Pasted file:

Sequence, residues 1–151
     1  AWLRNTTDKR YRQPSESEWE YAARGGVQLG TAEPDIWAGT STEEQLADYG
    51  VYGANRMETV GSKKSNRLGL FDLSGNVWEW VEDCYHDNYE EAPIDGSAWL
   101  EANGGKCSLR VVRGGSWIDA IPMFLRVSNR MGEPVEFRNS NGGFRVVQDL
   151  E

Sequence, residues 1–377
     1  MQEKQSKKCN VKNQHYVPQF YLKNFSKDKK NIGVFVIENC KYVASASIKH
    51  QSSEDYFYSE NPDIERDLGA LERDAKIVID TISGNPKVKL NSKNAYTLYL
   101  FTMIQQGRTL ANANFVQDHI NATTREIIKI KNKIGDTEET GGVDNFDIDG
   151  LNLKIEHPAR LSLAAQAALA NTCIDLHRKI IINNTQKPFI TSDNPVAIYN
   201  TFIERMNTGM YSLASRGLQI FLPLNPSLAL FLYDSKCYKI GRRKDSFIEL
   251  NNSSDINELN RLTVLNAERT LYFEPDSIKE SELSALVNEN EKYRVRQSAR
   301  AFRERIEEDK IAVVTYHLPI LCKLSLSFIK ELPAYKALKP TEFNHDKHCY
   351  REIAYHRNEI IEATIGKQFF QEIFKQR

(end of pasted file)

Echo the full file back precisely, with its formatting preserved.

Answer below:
Sequence, residues 1–151
     1  AWLRNTTDKR YRQPSESEWE YAARGGVQLG TAEPDIWAGT STEEQLADYG
    51  VYGANRMETV GSKKSNRLGL FDLSGNVWEW VEDCYHDNYE EAPIDGSAWL
   101  EANGGKCSLR VVRGGSWIDA IPMFLRVSNR MGEPVEFRNS NGGFRVVQDL
   151  E

Sequence, residues 1–377
     1  MQEKQSKKCN VKNQHYVPQF YLKNFSKDKK NIGVFVIENC KYVASASIKH
    51  QSSEDYFYSE NPDIERDLGA LERDAKIVID TISGNPKVKL NSKNAYTLYL
   101  FTMIQQGRTL ANANFVQDHI NATTREIIKI KNKIGDTEET GGVDNFDIDG
   151  LNLKIEHPAR LSLAAQAALA NTCIDLHRKI IINNTQKPFI TSDNPVAIYN
   201  TFIERMNTGM YSLASRGLQI FLPLNPSLAL FLYDSKCYKI GRRKDSFIEL
   251  NNSSDINELN RLTVLNAERT LYFEPDSIKE SELSALVNEN EKYRVRQSAR
   301  AFRERIEEDK IAVVTYHLPI LCKLSLSFIK ELPAYKALKP TEFNHDKHCY
   351  REIAYHRNEI IEATIGKQFF QEIFKQR